The Intersection

I realize I am a little bit late to this party. But recently (here, there, and everywhere) all of ScienceBlogs was abuzz about Sen. Tom Harkin’s complaint that various complementary and alternative remedies are not being validated by the NIH office supposedly designed to do so–namely, the National Center for Complementary and Alternative Medicine (NCCAM).

I haven’t written about alternative medicine in many years, though I used to follow it fairly closely. But here’s what I don’t understand. Whatever its suspicious origins, if NCCAM is now doing rigorous studies on the efficicacy of therapies that tons of people out there are already using, isn’t this a very good thing?

I certainly don’t see how that’s an attack on science. Senator Harkin himself may be displeased, and Senator Harkin may nourish sentiments that are pretty unscientific–especially if he’s unhappy to see science run its course in this area, and separate wheat from chaff. But it seems like government-sponsored medical research itself is doing just what it’s supposed to do in this instance. Am I missing something?

Comments

  1. #1 Abel Pharmboy
    March 5, 2009

    Chris, the problem is that Harkin has stated that the establishment is discriminating against alternative medicine and that it seems to him that NCCAM has been doing too much to disprove the efficacy of alternative therapies.

    In reality, many things have been tested, especially herbal remedies in my field, but the majority of the results have been negative. To the contrary of Harkin’s view of NCCAM and the researchers they supported, I would submit that the PIs of these grants were primarily advocates of alternative therapies who were sorely disappointed their ideas didn’t flesh out.

    Harkin seems to be espousing an advocacy role rather than a scientific role. Moreover, the foursome that he brought to testify to the Senate primarily spoke of preventive medicine approaches that are not considered “alternative” but are rather being co-opted by so-called “integrative medicine” as their own since the more unscientific modalities have not proven effective. Saying that nutrition and cardiovascular preventive approaches are CAM is utterly ridiculous.

    Believe me, as a natural products pharmacologist I would love to see some of these remedies have therapeutic efficacy. They may ultimately do so if proper basic science is done first that informs the dosing schedules used for clinical trials. However, NCCAM was under political pressure to show some benefit of anything and therefore supported expensive clinical trials in premature, Hail Mary attempts to get quick and early payoffs. Instead, NCCAM is left with a trash heap of negative data – not because the approaches are being discriminated again but rather because the science did not support their efficacy.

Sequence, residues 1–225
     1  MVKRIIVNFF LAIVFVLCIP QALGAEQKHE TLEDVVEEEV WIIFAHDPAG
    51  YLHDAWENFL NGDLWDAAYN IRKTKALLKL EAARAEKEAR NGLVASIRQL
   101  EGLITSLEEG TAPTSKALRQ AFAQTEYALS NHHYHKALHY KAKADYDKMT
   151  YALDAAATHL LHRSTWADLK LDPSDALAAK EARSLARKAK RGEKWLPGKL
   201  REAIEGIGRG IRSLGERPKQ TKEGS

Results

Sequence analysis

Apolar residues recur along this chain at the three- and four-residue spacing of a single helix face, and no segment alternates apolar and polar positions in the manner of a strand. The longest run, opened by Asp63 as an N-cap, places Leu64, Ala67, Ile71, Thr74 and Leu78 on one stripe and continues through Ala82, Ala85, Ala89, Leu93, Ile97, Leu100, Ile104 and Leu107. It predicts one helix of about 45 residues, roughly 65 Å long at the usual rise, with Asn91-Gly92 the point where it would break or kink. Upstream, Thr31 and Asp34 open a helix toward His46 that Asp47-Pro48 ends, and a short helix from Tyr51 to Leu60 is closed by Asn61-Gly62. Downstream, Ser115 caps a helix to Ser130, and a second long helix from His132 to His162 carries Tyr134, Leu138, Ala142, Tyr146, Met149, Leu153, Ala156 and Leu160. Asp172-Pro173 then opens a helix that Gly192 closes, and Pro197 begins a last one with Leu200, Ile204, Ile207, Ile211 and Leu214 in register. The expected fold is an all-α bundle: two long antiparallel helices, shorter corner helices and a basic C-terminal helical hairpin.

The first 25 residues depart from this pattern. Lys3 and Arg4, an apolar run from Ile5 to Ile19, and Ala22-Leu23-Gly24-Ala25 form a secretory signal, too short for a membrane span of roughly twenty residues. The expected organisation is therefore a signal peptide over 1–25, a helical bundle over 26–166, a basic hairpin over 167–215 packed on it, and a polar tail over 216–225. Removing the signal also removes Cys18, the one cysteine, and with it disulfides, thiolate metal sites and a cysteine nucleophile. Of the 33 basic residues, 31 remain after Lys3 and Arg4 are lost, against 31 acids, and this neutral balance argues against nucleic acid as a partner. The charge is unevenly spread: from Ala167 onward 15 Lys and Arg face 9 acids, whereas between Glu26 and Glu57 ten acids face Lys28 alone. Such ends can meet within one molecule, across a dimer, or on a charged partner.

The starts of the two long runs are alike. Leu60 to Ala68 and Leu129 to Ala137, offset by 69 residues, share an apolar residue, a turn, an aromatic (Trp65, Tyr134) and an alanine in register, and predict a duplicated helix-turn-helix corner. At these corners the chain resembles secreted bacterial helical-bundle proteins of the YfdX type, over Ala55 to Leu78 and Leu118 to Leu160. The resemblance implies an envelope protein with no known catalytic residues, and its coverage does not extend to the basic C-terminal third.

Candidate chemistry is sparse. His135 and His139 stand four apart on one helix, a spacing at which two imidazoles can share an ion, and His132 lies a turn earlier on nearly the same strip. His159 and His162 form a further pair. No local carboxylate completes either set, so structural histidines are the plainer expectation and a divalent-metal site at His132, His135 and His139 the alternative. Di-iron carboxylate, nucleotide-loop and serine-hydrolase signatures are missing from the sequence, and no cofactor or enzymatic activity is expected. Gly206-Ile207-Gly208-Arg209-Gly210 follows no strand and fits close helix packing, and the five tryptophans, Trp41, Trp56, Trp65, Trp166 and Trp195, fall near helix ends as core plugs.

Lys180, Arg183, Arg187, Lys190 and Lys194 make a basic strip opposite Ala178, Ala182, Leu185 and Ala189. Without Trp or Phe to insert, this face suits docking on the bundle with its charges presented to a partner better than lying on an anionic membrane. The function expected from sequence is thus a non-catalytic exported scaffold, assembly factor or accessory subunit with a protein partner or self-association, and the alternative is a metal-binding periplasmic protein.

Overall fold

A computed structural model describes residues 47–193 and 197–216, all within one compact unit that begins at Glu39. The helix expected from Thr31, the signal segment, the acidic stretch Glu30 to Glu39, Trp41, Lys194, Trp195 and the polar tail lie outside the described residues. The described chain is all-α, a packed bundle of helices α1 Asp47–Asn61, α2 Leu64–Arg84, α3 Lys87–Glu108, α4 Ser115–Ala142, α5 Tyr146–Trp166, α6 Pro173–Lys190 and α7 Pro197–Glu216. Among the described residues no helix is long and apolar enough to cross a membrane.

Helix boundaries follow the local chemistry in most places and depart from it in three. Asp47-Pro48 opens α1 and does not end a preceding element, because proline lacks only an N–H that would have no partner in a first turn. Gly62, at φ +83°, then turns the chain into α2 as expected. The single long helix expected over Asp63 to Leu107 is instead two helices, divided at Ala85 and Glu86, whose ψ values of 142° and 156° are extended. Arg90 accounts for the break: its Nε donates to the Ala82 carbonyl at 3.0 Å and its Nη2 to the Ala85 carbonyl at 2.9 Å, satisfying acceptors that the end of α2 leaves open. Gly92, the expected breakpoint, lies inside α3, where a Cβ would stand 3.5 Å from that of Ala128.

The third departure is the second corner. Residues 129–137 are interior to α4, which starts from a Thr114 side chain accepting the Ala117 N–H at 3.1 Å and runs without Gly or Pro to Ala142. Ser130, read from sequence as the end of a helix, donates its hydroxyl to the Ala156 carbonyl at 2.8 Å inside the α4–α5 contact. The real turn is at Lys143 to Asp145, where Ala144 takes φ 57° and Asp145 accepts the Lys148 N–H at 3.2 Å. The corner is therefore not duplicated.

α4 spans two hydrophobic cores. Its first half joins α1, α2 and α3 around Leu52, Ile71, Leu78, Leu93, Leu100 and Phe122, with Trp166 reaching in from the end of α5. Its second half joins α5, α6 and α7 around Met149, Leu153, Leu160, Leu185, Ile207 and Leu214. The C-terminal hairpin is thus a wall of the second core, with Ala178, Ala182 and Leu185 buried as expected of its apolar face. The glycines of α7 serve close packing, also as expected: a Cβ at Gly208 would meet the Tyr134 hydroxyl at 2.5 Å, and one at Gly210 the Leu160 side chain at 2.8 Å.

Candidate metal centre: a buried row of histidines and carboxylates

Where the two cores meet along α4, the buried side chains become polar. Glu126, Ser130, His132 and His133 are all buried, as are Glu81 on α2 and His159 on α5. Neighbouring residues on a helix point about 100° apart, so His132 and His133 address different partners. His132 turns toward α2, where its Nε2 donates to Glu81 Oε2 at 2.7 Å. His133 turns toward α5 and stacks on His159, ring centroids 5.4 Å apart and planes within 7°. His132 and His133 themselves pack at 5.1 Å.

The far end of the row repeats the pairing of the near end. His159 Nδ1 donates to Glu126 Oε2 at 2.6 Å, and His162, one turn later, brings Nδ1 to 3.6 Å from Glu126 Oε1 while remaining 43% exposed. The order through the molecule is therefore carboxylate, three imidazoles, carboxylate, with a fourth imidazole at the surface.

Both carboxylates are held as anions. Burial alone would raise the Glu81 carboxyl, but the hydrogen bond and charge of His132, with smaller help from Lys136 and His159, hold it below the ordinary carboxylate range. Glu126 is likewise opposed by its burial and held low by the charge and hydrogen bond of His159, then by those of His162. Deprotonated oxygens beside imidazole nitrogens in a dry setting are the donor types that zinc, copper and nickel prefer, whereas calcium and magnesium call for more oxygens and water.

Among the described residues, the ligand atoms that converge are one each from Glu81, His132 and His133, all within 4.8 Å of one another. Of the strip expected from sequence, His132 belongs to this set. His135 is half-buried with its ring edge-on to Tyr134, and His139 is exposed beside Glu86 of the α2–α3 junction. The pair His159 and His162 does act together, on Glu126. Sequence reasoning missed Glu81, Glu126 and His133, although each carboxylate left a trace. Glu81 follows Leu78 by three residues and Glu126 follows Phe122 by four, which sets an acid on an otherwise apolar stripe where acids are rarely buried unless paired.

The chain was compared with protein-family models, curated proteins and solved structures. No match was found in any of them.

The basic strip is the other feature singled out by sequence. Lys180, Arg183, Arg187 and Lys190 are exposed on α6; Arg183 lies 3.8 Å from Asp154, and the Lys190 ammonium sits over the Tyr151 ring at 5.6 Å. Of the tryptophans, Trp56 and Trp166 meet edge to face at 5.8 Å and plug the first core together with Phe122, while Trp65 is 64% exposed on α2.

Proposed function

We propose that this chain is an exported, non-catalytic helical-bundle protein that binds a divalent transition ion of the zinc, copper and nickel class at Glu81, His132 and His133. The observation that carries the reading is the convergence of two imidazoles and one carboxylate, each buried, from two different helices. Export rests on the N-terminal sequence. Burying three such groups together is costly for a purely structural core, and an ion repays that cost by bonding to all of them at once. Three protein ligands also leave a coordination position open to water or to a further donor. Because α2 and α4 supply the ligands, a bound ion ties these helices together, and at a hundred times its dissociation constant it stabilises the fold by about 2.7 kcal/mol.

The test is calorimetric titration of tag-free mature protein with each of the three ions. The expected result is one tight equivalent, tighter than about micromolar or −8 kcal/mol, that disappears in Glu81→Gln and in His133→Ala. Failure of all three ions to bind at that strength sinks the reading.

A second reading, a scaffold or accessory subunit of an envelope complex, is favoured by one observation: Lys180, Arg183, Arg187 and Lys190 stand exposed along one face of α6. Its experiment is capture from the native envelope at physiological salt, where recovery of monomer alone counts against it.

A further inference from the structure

Hence, I argue that NCCAM is a victim of itself, its management, and its own establishment as an advocacy arm, not a scientific arm, of NIH.

  2. #2 Ashutosh
    March 5, 2009

    I think it’s excellent that CAM is putting traditional remedies (emphatically excluding homeopathy) through rigorous studies and trials and we should make every effort to support this.

  3. #3 Gerardo Camilo
    March 5, 2009

    CAM = Crassulacean Acid Metabolism

  4. #4 Robert Grumbine
    March 5, 2009

    I’ll echo Abel Pharmboy some. The crux for the scientists is that Harkin’s complaint is that the NCCAM is not validating the ‘CAM’. Starting with your conclusion is antithetical to good science, and Harkin’s complaint sounds exactly like he wanted scientists to do that.

    The secondary matter is that even if the NCCAM didn’t go down that antiscientific route, it’s spent a lot of money testing that things that had little scientific reason to believe they’d be effective were, indeed, not effective. That money could have been spent in other ways. It’s not as if there were a shortage of scientific ideas around waiting testing.

  5. #5 Inoculated Mind
    March 6, 2009

    Gerardo: +2 internets for that one. As a plant person myself I am especially tickled.

    I agree with all, I think. It’s good that the NCCAM is invalidating various ‘alternatives’ that we didn’t think were going to amount to much. In fact, it demonstrates that the NCCAM may be doing their research right after all. But I think that the money may have been better spent elsewhere with a more likely medical discovery payoff. Not a cent of The Stimulus to the NCCAM, plz!

  6. #6 badrescher
    March 7, 2009

    Have you read or heard his comments? Have you seen what NCCAM is putting out? I think what you are missing includes 2 important points:

    1 – It is outrageous that someone who is so obviously unqualified and biased is given the power to make decisions about policy and funding in matters of science.

    2 – The ground that NCCAM gains in disproving some CAM is lost in other areas of their operation. For example, the public “education” they spread is shameful and no closer to reality than what you will find on labels of the “treatments” themselves. Check out their “fact sheets”, which dance around studies of effectiveness like the caveats in the small print at the bottom of ads for bogus therapies.

    Senator Harkins thinks that CAM should be given respect and a share of the medical market and that taxpayers should be forced to accept it as credible.

    I don’t see the difference between this and the Intelligent Design movement. Do you?

New comments have been temporarily disabled. Please check back soon.